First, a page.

Class participation demonstrates a student's knowledge, preparation, interest, motivation, and acceptance of individual responsibility for learning.  Both answers and questions volunteered by students on a daily basis are critical to the learning process.

    Students are expected to read and study the assigned reading and their class notes. They should come to class the next day prepared to respond to the teacher's questions, ask questions of their own, and discuss issues raised in the reading assignment.  Students are strongly urged to volunteer answers in class, but students will be called upon to recite even if they do not volunteer.

    *****Projects will be assigned throughout the semester assignment!!!*****

      The student's final semester grade is determined by:

    Tests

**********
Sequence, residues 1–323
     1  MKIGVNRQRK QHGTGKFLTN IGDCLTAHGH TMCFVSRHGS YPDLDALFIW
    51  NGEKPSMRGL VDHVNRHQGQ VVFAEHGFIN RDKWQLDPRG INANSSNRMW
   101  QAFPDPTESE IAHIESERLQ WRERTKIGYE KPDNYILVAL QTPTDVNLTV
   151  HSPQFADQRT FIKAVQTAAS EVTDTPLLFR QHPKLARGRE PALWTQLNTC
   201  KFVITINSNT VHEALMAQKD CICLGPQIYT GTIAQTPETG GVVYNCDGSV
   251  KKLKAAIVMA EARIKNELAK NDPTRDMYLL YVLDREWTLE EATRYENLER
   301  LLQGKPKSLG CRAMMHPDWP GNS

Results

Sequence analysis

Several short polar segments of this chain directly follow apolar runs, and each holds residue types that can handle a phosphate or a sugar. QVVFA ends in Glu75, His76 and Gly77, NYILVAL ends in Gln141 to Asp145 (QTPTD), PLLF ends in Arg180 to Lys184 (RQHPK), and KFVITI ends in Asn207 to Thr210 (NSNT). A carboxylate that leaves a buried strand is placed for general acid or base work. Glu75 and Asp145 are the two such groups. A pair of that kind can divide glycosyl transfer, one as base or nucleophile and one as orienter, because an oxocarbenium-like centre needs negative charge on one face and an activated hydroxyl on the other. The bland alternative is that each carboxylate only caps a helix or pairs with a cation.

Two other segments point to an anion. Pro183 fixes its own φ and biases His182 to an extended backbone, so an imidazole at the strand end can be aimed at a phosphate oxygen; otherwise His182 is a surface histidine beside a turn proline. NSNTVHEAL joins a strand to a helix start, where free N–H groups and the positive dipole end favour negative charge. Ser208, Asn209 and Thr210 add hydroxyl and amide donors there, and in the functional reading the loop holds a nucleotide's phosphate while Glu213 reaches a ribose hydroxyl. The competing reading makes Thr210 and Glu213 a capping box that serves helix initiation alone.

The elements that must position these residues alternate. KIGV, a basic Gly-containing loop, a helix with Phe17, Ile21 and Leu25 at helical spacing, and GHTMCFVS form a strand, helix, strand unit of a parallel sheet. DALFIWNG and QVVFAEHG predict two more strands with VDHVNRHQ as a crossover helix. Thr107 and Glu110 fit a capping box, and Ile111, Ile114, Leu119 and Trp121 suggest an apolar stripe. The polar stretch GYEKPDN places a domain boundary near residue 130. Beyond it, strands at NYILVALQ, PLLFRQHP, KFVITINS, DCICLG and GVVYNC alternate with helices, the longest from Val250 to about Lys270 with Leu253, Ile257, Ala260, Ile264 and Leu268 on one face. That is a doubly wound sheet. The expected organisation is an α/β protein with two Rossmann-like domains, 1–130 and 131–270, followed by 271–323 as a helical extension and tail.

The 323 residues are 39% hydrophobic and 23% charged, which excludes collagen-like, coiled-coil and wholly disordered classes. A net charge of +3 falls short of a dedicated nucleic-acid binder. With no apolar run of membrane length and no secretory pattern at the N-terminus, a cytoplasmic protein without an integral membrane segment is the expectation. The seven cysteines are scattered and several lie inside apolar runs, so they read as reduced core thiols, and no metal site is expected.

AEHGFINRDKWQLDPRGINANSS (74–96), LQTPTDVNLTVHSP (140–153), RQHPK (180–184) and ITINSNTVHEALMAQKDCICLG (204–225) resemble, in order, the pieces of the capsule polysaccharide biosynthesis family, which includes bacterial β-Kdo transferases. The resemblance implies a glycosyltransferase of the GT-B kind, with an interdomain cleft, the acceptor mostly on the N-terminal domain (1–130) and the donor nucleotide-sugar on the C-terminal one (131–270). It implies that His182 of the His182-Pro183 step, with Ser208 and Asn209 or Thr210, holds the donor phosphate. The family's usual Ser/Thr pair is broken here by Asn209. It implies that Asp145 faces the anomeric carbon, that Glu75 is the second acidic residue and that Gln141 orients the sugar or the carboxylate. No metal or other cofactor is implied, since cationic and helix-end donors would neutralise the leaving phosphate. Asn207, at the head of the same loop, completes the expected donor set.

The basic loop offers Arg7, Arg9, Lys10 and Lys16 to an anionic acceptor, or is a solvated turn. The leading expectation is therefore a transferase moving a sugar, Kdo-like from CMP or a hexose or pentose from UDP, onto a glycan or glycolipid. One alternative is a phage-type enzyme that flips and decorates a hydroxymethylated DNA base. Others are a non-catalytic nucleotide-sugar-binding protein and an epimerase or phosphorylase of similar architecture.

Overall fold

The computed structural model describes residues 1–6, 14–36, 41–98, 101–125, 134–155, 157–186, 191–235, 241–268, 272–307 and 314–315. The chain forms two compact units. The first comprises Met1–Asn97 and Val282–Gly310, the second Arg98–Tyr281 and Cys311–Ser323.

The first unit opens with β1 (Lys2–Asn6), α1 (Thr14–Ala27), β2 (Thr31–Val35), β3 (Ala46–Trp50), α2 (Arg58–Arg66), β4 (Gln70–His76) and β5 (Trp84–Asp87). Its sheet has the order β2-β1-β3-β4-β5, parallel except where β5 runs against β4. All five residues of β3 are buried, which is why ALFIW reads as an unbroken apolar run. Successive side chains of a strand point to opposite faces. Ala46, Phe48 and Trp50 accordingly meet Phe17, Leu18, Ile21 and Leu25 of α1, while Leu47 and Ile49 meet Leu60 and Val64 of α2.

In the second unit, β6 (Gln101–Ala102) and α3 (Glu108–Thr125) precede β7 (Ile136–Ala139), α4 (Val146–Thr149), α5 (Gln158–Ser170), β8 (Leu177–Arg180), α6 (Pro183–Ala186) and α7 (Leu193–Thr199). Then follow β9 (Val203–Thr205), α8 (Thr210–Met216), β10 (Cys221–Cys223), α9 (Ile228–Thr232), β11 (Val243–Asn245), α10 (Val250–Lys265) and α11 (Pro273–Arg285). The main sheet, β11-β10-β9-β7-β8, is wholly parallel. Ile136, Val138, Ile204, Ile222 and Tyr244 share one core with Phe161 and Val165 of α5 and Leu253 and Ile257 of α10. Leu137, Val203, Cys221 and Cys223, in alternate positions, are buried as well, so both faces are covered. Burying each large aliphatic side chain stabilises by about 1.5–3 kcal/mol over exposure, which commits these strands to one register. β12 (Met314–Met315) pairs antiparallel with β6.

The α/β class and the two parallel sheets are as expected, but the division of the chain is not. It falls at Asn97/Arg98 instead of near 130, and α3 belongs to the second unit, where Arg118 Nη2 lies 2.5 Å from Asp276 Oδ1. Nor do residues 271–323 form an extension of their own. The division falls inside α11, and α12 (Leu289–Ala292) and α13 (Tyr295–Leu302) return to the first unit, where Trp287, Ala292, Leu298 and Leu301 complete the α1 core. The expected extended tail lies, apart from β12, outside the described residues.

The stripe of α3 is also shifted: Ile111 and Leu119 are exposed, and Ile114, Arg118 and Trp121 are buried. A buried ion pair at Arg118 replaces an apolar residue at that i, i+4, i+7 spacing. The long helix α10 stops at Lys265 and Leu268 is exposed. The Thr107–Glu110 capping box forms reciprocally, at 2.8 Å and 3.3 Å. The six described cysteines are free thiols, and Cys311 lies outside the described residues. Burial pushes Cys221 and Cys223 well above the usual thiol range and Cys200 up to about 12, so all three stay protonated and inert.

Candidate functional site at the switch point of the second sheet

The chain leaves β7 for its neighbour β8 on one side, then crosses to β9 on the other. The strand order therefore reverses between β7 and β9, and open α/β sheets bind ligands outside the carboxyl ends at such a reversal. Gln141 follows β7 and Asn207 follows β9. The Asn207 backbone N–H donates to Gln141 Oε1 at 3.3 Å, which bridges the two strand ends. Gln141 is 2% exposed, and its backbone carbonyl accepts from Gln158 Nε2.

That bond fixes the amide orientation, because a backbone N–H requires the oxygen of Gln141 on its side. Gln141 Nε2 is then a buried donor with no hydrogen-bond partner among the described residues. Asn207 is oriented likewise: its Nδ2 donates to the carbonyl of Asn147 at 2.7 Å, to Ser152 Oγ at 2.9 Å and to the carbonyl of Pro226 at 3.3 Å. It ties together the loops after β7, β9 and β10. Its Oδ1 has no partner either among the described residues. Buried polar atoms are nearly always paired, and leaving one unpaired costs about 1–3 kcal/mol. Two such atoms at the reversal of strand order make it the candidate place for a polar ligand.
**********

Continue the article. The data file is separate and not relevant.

Projects                                  

    Daily Assignments

    Quizzes                                  

    Homework                              

     

    Attitude

    A positive attitude toward learning is essential for academic achievement.  Motivation, interest, enthusiasm, cooperation, courtesy, self-discipline, and personal pride are all factors, which contribute to academic success.

    Student Conferences

             Students who wish to speak with me about material covered in class, assignments, grades, or personal concerns are invited and encouraged to come to the classroom at an appointed time.  If possible please let me know in advance if you wish to meet with me.  As a student in my class, you are important and special.

    Academic Honesty